Enel, 60 years of challenges and solutions for the future
Enel, 60 years of challenges and solutions for the future
So our journey through the Group’s history comes to an end. It’s a journey which started with it bringing about the complete electrification of Italy, and then saw it accepting the sustainable energy challenge to become a global renewables supermajor and lead the energy transition toward decarbonization.
During the first two decades of the 21st century, the world was profoundly different from how it had been in 1962, the year in which Enel began its journey. These 60 years have seen a major shift in the global political balance of power and the rise of new technologies, from mass digitalization to the world wide web through to artificial intelligence, globalization, economic growth and recessions, and changes in consumption and habits, including greater awareness of environmental issues. Enel has negotiated these changes thanks to its ability to adapt and, above all, to anticipate, transforming itself whenever necessary, growing internationally and diversifying, demonstrating its ability to meet future challenges by building upon those it has overcome in the past.
The electricity access challenge and the energy crisis
In the 1960s, the first challenge to overcome was universal access to electricity. In a country that was experiencing an economic boom but still lagging behind in terms of electrification, the newly formed Ente Nazionale per l’Energia Elettrica invested today’s equivalent of nearly €56 billion in new power plants in order to increase production. It upgraded the high-voltage grid, finally connecting the grid in the north to the one in the south, and installed submarine cables to create links to the islands. The result was that, within a decade, access to electricity in Italy had doubled, with the number of users rising from 13 million to 26 million in 1970.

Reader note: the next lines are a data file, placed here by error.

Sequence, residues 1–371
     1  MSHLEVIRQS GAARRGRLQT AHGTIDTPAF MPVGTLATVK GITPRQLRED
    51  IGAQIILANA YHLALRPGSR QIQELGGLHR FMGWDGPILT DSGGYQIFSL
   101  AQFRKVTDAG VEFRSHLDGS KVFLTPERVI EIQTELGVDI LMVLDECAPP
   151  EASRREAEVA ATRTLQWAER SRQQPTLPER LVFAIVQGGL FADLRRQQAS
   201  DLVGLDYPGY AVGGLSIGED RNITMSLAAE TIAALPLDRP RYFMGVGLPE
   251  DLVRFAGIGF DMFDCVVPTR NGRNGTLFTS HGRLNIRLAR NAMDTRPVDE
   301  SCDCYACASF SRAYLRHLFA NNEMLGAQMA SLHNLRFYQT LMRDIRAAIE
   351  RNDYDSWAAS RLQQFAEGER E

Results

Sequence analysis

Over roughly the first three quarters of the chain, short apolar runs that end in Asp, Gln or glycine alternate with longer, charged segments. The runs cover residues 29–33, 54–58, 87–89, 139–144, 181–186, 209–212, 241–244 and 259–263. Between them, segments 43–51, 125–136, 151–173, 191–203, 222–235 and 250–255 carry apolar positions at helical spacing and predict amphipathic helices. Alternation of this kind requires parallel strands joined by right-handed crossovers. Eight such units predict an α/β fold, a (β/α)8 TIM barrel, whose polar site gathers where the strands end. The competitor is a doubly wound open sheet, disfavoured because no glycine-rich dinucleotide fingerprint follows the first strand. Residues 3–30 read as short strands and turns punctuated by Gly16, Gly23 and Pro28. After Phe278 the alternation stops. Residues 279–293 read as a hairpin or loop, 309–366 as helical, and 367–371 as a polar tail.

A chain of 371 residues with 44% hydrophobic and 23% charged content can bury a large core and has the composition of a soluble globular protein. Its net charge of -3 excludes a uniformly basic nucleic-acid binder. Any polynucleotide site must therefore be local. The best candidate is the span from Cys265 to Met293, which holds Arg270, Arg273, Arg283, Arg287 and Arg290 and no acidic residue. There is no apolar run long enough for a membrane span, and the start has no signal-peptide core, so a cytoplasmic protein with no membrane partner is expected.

Not long after that, the 1973 oil crisis struck, with the price of crude oil quadrupling in just a matter of weeks, plunging Italy into a period of austerity and leading to it becoming overly dependent on foreign countries for energy. The crisis was short-lived, but the message was loud and clear: Italy had to diversify its energy mix, a need which was reflected in the country's 1975 national energy plan. It was in this decade that Enel began its journey into the world of “alternative” energies. At the time that meant mainly investing in nuclear power, but also reviving hydropower (with the construction of the Taloro plant in Sardinia and the Entracque plant in Piedmont) and commencing initial experimental work on the “new” renewables, solar and wind power. This led to the development of state-of-the-art facilities such as the Adrano solar power plant near Catania.
The birth of sustainable development and globalization
Then came the 1980s which, after a second oil crisis, saw a new period of economic growth. In Italy, the growth in manufacturing, and particularly the explosion of new small and medium-sized enterprises, led to an increase in the demand for electricity for industrial purposes, thus reversing a trend that for many years had seen demand being predominantly for domestic use. However, this was accompanied by a new environmental consciousness. Thanks to the UN’s Brundtland Report, the concept of sustainable development was beginning to impose itself on the global agenda. And Enel decided to do just that by continuing to expand into the renewables sector - the solar power plant on the island of Vulcano and the Alta Nurra wind power facility in Sardinia were pioneering projects - and by incorporating social and environmental sustainability into its business plans. This was also the decade in which Italy turned its back on nuclear power, which was abandoned after the 1987 referendum that had been prompted by the Chernobyl disaster, bringing about a new strategic rethink regarding energy sources and a renewed push towards renewables.